I would suggest that *most* users should concern themselves primarily with attacks from the criminal element with an endgame of financial fraud, or identity theft since these are much more likely.

    Don't take me wrong - I am philosophically opposed to governments gathering interesting nets of data on every citizen under the guise of "terrorism prevention" - but I have not, nor do I intend to start constructing my headwear from tinfoil. Not yet, anyway.

    Mike

    Of course - I use an LCD monitor so I guess I am tempest-immune anyway :D
     
  25. heyUthere

    heyUthere Registered Member

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    Hey Nash, I do respect the opinions of others. Why would there be things on the maket for cilivians to protect themselves (if you pay attention ,news, laws, excu. orders, I may not have to explain this)Can you bet your life on your LCD display? Do you have evidence? I should have made myself clear before... I believe Tempest attack is impratical for your normal independent attack and not your typical agency like the NSA with a $ 20 million electric bill (which is the only money info they are even willing to disclose, and you have to look hard for that).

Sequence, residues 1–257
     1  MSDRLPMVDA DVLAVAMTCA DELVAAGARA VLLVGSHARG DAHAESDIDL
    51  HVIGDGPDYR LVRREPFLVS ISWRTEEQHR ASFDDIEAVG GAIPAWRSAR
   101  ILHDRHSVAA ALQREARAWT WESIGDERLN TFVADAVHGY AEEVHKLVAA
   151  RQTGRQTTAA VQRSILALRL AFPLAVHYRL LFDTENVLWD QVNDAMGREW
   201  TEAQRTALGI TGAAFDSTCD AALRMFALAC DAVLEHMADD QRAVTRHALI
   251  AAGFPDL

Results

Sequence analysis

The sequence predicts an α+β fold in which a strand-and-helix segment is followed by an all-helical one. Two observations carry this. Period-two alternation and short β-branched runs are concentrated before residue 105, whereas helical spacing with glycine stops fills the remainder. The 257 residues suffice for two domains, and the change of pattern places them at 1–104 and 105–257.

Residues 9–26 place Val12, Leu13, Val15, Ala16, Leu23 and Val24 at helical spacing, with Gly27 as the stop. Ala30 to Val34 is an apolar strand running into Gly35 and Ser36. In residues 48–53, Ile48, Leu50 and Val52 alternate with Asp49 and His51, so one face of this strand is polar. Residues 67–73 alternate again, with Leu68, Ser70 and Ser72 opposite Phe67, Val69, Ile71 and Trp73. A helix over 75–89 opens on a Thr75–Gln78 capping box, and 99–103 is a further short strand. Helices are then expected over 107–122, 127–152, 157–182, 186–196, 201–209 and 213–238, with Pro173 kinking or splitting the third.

There are too many people to jump the gun to say "it is okay" and not "this is not good enough" Being too paraniod will never work against you, you will never be caught off guard. You will not fall under a false sense of security. Why not make it harder for the attack. (Hey if you do not want to be paraniod, it is okay, being to cautious will work against you).

    Yes, it is true but they all ready have that ability (official or not, with or without laws) But come on, They want more and more ways. There is evidence of that everywhere. I love how "terrorism prevention" seems to fall on everyone, It is a wonderful excuse.